An environmental professor argues the Murray-Darling Basin Plan has failed and needs to be overhauled after a mass fish death event in the Darling River system.
Water management in Australia's third-longest river must be completely reformed, a leading environmental professor says, as the blame game over a mass fish death event in far western NSW intensifies.
Up to a million fish died in the Darling River system this week.
Residents are pointing the finger at state and federal governments for draining too much water from the Menindee Lakes and over-allocating the precious resource to irrigators.
But the peak body for Australian irrigators - the National Irrigators' Council - has hit back insisting farmers on the river's north have received no allocation of water in the past 12 months.
Scientists argue mismanagement of the river system is to blame although the NSW government insists the ongoing drought is a key factor.
Australian National University honorary professor John Williams says the current Murray-Darling Basin Plan has failed and needs to be overhauled.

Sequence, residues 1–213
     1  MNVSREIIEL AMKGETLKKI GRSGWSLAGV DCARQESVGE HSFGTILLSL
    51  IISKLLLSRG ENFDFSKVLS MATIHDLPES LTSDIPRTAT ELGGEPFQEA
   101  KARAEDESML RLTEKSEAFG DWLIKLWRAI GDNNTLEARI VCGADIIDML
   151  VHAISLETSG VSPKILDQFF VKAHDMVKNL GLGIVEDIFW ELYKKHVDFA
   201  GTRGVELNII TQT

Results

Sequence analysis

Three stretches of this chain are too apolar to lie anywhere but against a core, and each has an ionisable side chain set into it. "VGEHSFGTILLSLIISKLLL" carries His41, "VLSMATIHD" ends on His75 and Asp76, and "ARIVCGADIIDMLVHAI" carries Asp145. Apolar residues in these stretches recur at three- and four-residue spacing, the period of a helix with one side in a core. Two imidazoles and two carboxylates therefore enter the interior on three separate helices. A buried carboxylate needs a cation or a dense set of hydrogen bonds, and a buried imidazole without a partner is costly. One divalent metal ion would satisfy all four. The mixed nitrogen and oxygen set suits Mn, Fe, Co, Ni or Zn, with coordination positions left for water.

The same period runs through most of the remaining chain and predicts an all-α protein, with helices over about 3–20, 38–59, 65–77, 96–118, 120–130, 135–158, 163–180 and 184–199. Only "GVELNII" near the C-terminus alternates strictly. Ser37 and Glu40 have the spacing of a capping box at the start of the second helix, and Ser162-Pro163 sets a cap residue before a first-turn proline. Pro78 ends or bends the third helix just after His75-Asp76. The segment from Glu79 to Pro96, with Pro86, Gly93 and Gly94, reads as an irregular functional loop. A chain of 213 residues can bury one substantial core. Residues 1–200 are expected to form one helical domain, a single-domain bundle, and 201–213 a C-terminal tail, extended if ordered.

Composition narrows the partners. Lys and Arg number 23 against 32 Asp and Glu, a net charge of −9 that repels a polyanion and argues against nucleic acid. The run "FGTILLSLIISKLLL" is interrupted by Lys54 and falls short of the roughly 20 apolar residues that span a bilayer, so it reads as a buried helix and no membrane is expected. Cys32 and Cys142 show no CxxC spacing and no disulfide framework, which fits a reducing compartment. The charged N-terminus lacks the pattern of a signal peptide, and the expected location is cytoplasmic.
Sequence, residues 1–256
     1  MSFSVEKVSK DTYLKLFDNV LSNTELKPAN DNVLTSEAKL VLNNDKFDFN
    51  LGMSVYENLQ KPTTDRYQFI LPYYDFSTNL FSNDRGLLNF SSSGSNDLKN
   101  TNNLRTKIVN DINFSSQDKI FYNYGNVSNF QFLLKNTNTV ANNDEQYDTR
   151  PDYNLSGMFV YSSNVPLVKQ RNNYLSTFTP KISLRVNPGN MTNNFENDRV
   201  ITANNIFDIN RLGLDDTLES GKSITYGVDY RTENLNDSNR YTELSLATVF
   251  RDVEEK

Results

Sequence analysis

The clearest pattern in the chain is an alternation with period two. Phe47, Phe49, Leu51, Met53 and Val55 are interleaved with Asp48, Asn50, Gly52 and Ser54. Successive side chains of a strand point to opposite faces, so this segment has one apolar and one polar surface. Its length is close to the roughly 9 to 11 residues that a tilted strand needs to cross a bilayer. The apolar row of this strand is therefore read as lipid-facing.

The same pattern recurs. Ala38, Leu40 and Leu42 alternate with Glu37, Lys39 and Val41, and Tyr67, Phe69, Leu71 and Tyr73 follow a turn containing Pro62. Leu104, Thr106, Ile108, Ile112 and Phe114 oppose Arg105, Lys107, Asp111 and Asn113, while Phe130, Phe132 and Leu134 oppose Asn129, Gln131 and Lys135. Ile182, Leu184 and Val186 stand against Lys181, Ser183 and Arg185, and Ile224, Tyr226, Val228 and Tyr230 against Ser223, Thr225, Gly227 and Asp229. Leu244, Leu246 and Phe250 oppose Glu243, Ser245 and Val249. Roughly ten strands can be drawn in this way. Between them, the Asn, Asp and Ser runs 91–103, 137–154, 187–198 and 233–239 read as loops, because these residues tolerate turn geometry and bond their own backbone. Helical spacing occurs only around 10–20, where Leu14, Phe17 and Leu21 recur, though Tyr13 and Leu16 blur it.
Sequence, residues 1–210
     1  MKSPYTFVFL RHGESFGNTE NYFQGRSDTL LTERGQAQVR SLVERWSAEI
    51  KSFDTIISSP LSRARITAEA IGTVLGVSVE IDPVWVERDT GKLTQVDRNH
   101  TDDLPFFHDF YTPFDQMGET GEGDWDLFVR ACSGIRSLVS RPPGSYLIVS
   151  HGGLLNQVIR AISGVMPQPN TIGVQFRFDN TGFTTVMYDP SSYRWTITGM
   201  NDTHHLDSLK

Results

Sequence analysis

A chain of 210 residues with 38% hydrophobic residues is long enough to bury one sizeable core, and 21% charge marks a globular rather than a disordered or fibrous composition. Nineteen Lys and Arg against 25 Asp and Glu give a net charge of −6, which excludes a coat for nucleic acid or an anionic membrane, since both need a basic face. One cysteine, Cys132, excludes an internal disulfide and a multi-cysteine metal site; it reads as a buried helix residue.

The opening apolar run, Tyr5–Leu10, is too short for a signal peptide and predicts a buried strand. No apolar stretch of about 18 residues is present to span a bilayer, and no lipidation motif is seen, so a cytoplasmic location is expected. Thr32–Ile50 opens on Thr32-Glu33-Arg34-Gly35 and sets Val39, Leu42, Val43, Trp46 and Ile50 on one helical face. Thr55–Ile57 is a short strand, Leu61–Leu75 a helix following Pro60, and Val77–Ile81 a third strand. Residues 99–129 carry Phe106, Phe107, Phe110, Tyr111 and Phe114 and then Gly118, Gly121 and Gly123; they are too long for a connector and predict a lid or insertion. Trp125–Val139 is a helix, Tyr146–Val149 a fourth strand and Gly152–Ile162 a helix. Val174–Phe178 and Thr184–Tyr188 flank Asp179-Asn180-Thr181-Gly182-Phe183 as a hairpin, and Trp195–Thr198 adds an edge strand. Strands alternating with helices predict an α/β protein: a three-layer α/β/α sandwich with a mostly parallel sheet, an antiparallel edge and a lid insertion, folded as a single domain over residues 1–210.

"The real problem is managing the Darling under this plan has been far from satisfactory," Prof Williams told AAP on Friday.
"It's taking too much water. We need to have substantive change."
The scientist claims the plan allows too much extraction at the northern head of the river and doesn't factor in how to manage the system in drought.
Prof Williams admits it's difficult to manage but warns there'll be more fish deaths if there isn't a 30 to 40 per cent reduction in the amount of water extracted.
A South Australian royal commission in 2018 investigated allegations of water theft from the Murray-Darling Basin by rogue irrigators with a report due in February.
Senior counsel assisting the commission, Richard Beasley, told AAP in a statement on Friday that the mass fish deaths are "terrible" and some of the issues raised fall within the commissioner's terms of reference.
Only the commissioner can request additional time to consider the event but Mr Beasley on Twitter said it would be the "right thing to do".
NSW opposition leader Michael Daley has called for a special commission of inquiry into the incident and vowed to establish one if Labor wins power at the March election.
NSW Primary Industries Minister Niall Blair - who has been savaged by some Menindee locals for partly blaming the drought - said in a statement that fish kills are not a new phenomenon and happened in the region between 2002 and 2004 during the millennium drought.
He's requested an urgent report.